Title

Acceleration Due to Buoyancy

Faculty Mentor(s)

Dr. JB Sharma

Proposal Type

Presentation

Location

Robinson Ballroom

Start Date

21-3-2012 3:20 PM

End Date

21-3-2012 3:35 PM

Description/Abstract

This project explored the kinematics of the buoyancy of a helium balloon with a weight tethered to it. In this experiment, a helium balloon was released in air, with an attached GPS tracking device to obtain the time varying 3D position vector of the balloons flight upwards. Knowing the net mass of the system, the time variation of the 3D position can be analyzed to set up the force balance equation. The variables in the force balance were the aerodynamic forces lift, thrust, weight, and drag. The experimental and calculated accelerations were compared to each other. Also, the phase plots of the motion were generated and interpreted. Phase plots enable an experimenter to get a unique look at the motion data and to find connections between various variables that would otherwise not be obvious. The results obtained will be discussed along with an analysis of the error in modeling the motion. Strong winds played a large part in the error and refinements in the experimental design will be discussed. In addition a simulation of this motion on Google Earth will be presented as well.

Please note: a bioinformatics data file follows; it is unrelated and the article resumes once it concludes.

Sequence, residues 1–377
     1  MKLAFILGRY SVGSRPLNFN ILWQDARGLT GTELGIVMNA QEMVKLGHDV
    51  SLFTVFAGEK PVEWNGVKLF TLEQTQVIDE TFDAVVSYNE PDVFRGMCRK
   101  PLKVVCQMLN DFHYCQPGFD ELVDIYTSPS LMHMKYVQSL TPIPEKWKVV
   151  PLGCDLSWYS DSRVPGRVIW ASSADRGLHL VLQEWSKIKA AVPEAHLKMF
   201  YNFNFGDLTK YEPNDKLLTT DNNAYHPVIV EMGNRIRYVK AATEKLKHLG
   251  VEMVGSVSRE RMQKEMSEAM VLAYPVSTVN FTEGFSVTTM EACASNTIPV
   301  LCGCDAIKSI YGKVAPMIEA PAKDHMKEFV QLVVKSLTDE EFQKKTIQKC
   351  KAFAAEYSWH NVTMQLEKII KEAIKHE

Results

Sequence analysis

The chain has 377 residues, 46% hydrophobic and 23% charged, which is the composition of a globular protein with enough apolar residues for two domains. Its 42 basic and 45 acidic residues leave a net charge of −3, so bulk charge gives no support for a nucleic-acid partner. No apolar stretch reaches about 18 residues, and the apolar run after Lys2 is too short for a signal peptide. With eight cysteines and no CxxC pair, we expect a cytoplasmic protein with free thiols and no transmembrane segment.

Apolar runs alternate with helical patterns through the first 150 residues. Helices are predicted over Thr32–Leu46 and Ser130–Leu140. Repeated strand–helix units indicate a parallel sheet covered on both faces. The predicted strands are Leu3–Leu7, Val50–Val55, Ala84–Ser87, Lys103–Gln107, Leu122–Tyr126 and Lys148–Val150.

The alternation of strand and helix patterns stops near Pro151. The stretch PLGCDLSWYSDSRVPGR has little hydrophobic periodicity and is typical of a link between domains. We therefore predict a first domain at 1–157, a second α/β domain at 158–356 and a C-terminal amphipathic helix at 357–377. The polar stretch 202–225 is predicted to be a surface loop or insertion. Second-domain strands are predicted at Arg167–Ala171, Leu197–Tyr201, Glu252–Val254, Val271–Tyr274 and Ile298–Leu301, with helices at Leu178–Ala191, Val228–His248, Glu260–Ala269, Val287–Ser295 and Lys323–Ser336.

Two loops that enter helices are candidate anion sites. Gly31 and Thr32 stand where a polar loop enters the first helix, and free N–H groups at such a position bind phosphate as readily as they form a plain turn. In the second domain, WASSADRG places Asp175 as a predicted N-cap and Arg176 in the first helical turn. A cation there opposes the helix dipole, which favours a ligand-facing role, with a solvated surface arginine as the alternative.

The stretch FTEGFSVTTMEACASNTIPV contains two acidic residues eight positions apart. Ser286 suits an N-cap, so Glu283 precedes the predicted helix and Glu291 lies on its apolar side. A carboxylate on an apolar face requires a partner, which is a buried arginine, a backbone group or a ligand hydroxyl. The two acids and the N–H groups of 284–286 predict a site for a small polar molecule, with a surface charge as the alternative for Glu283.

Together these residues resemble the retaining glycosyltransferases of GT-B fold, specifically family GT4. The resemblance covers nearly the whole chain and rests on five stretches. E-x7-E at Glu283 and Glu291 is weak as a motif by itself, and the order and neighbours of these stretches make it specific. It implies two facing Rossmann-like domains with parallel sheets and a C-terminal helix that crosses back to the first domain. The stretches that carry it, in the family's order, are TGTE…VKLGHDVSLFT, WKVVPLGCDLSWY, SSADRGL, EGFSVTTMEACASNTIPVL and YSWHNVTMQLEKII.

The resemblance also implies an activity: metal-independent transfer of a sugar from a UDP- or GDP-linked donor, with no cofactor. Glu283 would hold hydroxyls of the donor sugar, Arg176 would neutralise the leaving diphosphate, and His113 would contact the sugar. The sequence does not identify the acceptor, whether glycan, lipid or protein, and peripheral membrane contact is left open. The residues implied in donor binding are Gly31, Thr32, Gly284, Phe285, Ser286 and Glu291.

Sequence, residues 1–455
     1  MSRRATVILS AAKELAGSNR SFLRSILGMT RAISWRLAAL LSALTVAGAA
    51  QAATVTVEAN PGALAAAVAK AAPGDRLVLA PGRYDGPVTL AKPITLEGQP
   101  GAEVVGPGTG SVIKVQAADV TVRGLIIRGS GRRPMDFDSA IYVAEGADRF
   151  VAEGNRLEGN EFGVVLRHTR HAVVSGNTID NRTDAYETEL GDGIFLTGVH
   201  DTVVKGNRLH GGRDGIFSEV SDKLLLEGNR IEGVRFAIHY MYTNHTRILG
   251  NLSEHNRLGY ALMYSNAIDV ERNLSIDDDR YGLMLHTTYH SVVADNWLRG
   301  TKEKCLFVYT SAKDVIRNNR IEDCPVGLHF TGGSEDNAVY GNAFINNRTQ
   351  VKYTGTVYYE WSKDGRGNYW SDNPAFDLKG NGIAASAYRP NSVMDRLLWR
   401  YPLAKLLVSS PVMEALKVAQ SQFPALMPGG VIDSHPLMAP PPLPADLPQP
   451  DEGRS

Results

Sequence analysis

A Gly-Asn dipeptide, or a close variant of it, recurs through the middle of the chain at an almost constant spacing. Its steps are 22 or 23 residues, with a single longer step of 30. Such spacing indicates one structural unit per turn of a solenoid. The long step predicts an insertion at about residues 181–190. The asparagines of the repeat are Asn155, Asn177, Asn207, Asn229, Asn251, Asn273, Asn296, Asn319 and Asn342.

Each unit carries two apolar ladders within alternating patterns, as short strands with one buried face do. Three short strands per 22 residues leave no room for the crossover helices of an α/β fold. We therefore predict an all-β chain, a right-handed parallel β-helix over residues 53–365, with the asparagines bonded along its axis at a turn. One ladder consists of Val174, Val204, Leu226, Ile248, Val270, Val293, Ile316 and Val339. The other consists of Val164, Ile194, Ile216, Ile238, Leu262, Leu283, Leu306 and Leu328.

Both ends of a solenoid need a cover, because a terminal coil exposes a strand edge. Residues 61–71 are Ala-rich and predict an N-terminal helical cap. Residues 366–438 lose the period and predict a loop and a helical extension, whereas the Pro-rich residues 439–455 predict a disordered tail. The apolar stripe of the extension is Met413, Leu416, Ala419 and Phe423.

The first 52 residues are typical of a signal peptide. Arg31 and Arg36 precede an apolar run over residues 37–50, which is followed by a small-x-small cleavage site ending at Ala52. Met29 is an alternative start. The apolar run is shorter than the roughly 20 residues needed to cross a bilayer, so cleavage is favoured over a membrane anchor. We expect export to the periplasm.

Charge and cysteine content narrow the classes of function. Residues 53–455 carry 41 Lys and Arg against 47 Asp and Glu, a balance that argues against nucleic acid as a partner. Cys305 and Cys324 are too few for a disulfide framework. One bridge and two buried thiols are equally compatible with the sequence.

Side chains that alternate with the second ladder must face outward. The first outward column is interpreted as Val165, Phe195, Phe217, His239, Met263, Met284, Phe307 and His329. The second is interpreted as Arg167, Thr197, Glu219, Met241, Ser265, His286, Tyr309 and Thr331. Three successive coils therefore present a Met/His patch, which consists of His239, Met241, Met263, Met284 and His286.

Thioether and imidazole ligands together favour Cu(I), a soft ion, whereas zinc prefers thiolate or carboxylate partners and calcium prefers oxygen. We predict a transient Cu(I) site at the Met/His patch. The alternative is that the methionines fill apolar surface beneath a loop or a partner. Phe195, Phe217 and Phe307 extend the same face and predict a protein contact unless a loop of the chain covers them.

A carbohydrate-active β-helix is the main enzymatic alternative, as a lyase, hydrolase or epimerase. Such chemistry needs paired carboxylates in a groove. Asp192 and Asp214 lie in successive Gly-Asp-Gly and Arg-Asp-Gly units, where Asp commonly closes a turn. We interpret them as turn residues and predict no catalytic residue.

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Mar 21st, 3:20 PM Mar 21st, 3:35 PM

Acceleration Due to Buoyancy

Robinson Ballroom

This project explored the kinematics of the buoyancy of a helium balloon with a weight tethered to it. In this experiment, a helium balloon was released in air, with an attached GPS tracking device to obtain the time varying 3D position vector of the balloons flight upwards. Knowing the net mass of the system, the time variation of the 3D position can be analyzed to set up the force balance equation. The variables in the force balance were the aerodynamic forces lift, thrust, weight, and drag. The experimental and calculated accelerations were compared to each other. Also, the phase plots of the motion were generated and interpreted. Phase plots enable an experimenter to get a unique look at the motion data and to find connections between various variables that would otherwise not be obvious. The results obtained will be discussed along with an analysis of the error in modeling the motion. Strong winds played a large part in the error and refinements in the experimental design will be discussed. In addition a simulation of this motion on Google Earth will be presented as well.